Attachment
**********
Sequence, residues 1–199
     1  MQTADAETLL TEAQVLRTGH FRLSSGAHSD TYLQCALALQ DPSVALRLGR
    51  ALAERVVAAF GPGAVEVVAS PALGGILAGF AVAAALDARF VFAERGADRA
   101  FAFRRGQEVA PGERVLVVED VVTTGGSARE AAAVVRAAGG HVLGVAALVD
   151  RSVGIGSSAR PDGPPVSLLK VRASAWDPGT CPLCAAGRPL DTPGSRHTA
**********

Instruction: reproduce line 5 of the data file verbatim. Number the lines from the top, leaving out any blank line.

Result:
   151  RSVGIGSSAR PDGPPVSLLK VRASAWDPGT CPLCAAGRPL DTPGSRHTA